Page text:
javax.sound.sampled.LineUnavailableException: line with format PCM_SIGNED 11025.0 Hz, 16 bit, mono, 2 bytes/frame, little-endian not supported.
at com.stimware.gravity.SoundPlayer.loadClip(
at com.stimware.gravity.SoundPlayer.loadSounds(
at com.stimware.gravity.SoundPlayer.<init>(
at com.stimware.gravity.SoundPlayer.init(
at com.stimware.gravity.GravityApplet.init(
at com.sun.deploy.uitoolkit.impl.awt.AWTAppletAdapter.init(Unknown Source)
at sun.plugin2.applet.Plugin2Manager$ Source)

java version "1.7.0_15"
OpenJDK Runtime Environment (IcedTea7 2.3.7) (7u15-2.3.7-0ubuntu1~12.04.1)
OpenJDK Server VM (build 23.7-b01, mixed mode)

Offline davidc

Senior Devvie

Medals: 5
Projects: 2

« Reply #6 - Posted 2013-03-11 13:55:52 »

Thanks for that. It looks to be the same issue identified here:

I don't see this as being something easily fixable without resorting to some third party sound libraries which I'm keen to avoid for the sake of simplicity on this project. What I have done in the meantime is uploaded a version that will display a message to indicate that sound is unavailable but will still allow the game to be played.
Offline davidc

Senior Devvie

Medals: 5
Projects: 2

« Reply #7 - Posted 2013-03-11 16:20:15 »

A new level has been added to demonstrate obstacles. These are currently static but the next step will be to allow them to rotate and move around. This could create some challenging portals to require navigation through.

As mentioned before, there is an editor for creating levels but it's a little rough around the edges at the moment. I'll try to tidy it up a bit in the next update.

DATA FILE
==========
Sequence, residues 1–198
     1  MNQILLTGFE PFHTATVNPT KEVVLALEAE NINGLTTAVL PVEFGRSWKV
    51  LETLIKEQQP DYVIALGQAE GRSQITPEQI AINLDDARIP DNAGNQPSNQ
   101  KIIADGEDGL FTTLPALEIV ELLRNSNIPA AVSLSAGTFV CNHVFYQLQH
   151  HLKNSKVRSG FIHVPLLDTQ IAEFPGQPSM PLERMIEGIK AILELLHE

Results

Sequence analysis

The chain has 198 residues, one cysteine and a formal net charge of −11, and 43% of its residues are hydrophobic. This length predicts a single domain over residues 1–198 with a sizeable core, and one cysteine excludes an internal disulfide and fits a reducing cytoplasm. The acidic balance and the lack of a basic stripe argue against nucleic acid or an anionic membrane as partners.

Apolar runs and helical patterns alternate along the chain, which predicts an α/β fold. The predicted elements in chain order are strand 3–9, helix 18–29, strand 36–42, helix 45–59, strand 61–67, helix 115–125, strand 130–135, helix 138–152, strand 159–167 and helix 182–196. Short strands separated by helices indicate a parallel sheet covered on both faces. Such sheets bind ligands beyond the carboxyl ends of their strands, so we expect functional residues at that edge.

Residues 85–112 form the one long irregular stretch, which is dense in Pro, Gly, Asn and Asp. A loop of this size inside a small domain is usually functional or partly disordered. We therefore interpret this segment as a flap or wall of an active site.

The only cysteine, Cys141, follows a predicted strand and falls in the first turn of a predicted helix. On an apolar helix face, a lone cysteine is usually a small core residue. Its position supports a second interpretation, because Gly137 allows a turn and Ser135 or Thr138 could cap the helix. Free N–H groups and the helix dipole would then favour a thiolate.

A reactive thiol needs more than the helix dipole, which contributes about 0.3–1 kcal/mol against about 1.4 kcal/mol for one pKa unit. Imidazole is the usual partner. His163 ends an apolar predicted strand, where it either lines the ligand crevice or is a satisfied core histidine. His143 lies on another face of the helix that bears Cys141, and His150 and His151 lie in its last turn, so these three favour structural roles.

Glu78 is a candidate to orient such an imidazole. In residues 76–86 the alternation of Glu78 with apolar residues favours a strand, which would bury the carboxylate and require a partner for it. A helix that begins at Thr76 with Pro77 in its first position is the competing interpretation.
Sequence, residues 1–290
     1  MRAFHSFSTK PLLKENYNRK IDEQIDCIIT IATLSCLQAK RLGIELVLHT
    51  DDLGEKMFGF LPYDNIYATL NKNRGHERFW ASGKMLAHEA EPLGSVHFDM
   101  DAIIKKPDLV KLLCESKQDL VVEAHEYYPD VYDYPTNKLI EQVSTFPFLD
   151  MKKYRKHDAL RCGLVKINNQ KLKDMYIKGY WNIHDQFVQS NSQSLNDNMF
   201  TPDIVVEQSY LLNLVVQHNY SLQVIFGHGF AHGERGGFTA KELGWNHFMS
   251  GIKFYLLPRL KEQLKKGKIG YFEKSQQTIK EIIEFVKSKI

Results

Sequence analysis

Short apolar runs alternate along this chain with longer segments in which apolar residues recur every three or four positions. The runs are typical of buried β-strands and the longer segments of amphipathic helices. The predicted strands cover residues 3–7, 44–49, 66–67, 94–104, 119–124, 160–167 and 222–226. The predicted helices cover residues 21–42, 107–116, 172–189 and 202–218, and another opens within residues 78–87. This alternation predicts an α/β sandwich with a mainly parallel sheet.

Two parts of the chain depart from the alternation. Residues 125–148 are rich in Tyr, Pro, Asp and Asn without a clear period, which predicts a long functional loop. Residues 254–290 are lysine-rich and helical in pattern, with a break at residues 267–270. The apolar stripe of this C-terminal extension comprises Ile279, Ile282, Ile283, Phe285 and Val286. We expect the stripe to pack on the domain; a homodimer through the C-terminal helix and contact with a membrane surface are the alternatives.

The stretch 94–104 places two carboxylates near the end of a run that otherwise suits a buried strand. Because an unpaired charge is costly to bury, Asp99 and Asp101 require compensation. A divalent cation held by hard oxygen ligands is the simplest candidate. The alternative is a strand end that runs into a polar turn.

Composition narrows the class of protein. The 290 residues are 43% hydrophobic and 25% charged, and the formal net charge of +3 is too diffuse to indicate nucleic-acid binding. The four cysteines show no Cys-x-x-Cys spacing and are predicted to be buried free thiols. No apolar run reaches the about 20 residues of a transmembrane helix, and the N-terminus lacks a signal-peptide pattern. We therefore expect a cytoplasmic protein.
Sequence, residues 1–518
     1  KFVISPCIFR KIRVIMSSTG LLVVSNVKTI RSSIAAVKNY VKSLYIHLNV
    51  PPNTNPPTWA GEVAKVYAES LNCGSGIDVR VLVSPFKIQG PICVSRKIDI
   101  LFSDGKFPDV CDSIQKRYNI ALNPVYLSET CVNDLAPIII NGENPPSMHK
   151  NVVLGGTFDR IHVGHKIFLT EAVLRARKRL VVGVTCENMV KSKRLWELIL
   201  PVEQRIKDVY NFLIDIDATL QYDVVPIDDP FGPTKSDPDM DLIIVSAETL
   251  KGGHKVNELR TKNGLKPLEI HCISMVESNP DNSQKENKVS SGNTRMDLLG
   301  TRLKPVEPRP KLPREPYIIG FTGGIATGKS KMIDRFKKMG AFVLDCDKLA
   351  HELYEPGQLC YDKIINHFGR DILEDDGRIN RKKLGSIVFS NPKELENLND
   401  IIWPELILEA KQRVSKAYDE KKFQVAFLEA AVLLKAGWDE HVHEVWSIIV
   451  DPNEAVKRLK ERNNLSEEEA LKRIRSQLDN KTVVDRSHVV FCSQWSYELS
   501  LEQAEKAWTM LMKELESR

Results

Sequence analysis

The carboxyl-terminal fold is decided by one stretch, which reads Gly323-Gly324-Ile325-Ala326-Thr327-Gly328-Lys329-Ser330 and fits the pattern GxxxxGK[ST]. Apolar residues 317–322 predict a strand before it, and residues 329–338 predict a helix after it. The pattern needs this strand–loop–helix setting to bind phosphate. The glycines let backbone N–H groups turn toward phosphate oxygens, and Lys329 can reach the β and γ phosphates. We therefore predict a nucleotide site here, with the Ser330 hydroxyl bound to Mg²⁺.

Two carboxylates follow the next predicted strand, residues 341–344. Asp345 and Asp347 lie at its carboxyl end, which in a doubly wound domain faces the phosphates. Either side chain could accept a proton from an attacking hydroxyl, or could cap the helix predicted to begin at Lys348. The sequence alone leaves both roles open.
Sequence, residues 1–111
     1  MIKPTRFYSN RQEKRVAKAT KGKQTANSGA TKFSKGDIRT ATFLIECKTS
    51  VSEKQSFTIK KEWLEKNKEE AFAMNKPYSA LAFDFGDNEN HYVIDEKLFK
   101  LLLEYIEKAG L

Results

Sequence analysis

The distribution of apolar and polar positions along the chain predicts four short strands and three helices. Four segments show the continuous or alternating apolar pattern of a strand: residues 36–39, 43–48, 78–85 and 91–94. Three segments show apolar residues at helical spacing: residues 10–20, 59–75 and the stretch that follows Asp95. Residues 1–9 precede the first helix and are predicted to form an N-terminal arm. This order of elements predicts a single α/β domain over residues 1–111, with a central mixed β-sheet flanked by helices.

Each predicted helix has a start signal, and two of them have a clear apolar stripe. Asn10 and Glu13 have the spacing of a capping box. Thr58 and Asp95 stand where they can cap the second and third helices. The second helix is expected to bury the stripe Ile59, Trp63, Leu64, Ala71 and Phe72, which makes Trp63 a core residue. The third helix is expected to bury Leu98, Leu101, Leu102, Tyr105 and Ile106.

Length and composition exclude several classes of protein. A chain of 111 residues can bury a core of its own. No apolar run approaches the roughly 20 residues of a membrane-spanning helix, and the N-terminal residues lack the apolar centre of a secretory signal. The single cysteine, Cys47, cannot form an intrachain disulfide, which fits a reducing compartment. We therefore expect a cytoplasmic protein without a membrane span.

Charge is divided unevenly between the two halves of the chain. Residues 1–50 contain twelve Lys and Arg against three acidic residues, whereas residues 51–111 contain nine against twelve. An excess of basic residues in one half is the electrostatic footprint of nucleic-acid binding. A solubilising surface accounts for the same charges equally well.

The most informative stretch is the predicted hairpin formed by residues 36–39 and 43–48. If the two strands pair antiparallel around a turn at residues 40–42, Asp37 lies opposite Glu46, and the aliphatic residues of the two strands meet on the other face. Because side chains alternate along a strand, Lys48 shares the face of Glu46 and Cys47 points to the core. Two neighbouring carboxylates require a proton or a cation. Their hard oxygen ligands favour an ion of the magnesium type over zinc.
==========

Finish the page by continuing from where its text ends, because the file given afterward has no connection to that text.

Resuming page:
Offline davidc

Senior Devvie

Medals: 5
Projects: 2

« Reply #8 - Posted 2013-03-17 13:58:02 »

I've added another level which is the hardest so far - a long intestine-like cavern which tests your sideways moving ability. Also, the previously added level has had some minor tweaks.

Also as promised I've uploaded the editor as a Java Web Start application:

The page has some instructions on how to use it, plus a link to launch the web start app. The screenshot below gives you a basic idea of what you can do:

Note that although you can't load levels into the game itself, you can use the editor to play individual levels that you've created.

It's a little buggy, but I've tested it under Windows 7 (JDK 1.6 and 1.7) and OSX 10.6.8 (JDK 1.6) and most of the functionality does what is expected. Some things to look out for:
  • The editor/preview panels are displayed using a CardLayout but they don't get refreshed until you move the mouse over them. This has me stumped but I'll figure it out.
  • You can drag to select multiple items, but only from left to right. It's more of an omission that I haven't had a chance to look into.
  • Sometimes when multi-selecting a bunch of points close together, it gets the point order confused and draws the green highlight line between the wrong points.
  • I've had instances where the FileOpenService dialog pops up but is completely blank. The cursor becomes unresponsive even though nothing seems to be using CPU.
The process of creating the editor seems to have been just as involved as making the game itself. I had a rough idea of how to go about creating a user interface for editing points and lines but there was much more too it. Let's just say my knowledge of geometry was left wanting a couple of times. It certainly has been a rewarding experience.
Offline davidc

Senior Devvie

Medals: 5
Projects: 2

« Reply #9 - Posted 2013-03-18 15:01:26 »